The draft is one of the most interesting places to investigate in hockey. You have predictive analytics, growth curves, game theory, opportunity costs, and many other areas of study interacting.
Sometimes I find information interesting, anecdotal or otherwise, but doesn’t really pertain relatively speaking to what I’m focusing on. I recently fiddled with the draft vizualization centre (over at hockeyprospectus.com by Matt Pfeffer) and found some interesting trends.
I thought I’d share these trends:
The graphs above is every draft selections combined GVT value for the drafts between 1985 and 2011.
There have been many excellent studies on perceived pick value, built by using how certain picks have been traded for others historically. I have not really seen enough to satisfy my curiosity though on how efficient the draft truly is (although there is a lot out there).
It is remarkable how efficient scouts are in selecting the top 30 picks overall in the first two graphs. This efficiency though drops significantly when looking past the top 30. Scouts also are not nearly as efficient with defenders or goaltenders.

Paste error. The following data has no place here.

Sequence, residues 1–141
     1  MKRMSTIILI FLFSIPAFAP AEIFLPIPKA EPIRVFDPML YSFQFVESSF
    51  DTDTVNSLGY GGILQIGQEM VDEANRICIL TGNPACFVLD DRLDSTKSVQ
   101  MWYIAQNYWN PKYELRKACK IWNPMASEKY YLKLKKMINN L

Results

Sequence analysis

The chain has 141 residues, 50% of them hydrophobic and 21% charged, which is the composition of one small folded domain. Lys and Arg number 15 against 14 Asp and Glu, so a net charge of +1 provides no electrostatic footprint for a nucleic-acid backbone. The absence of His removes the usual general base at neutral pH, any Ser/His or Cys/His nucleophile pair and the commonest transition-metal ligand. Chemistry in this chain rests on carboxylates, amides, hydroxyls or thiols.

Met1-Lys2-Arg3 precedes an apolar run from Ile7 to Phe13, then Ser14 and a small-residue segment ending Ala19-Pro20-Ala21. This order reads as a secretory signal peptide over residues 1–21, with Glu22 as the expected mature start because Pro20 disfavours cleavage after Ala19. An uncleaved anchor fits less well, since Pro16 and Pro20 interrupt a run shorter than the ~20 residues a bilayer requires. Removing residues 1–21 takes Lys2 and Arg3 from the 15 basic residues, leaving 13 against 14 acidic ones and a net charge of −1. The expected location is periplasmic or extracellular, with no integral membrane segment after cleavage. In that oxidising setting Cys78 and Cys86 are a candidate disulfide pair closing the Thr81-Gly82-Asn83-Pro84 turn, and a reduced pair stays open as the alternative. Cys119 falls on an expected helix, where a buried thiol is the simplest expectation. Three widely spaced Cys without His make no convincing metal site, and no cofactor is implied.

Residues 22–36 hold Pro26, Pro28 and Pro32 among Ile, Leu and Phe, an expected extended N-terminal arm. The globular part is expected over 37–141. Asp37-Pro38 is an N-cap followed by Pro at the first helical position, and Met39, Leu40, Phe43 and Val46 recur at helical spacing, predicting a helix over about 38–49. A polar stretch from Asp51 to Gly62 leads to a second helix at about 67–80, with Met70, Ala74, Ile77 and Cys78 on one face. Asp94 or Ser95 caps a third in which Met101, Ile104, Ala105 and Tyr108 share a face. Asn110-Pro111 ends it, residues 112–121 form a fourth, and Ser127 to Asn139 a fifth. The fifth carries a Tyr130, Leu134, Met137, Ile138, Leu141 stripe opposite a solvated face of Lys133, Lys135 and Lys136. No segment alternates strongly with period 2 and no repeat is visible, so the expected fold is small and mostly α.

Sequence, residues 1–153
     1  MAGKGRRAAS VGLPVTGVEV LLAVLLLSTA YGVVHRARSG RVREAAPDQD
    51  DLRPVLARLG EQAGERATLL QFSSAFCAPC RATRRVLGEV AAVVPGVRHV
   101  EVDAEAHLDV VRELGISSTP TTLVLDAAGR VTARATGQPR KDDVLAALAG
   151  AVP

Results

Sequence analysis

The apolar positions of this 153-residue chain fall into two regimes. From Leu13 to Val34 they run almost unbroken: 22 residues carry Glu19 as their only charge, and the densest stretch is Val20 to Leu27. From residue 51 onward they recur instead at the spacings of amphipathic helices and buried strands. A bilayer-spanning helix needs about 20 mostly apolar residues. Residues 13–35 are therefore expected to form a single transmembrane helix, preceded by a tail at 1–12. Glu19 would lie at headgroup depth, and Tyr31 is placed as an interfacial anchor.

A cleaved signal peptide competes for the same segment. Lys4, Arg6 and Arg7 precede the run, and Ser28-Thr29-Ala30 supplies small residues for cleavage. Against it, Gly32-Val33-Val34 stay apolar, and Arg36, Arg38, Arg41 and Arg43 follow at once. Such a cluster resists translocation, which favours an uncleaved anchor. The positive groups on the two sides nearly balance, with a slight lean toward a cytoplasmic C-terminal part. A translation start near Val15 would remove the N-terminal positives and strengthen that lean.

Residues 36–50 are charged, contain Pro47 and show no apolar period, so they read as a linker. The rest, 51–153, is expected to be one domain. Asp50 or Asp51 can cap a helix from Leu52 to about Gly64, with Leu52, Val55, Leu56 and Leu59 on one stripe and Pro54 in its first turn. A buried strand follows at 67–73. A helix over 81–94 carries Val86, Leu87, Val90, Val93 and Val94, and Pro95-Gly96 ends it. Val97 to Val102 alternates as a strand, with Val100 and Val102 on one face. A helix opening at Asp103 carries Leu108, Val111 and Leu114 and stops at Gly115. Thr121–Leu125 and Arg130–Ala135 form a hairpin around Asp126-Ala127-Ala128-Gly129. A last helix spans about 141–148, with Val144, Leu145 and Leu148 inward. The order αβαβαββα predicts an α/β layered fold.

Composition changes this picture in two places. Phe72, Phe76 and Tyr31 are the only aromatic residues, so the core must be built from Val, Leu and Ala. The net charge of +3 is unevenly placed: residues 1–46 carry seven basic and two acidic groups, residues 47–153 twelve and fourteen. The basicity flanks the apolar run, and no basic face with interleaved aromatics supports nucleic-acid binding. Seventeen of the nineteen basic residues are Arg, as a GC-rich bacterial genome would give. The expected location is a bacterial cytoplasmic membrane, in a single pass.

There are some issues with the vizuals limited to overall value and not per number of picks. When selecting all positions, this is not an issue; however, it is when looking exclusively at one position where there may be more or less players selected at that spot.
Defenders being less in number than forwards for drafts – and goaltenders even less – do allow for outliers to hold a larger impact than with forwards. Any draft analysis expanding on these trends may want to look at distribution and use median instead of the mean for averages.
For those interested, here are forwards for picks 0-30 and picks 30-60: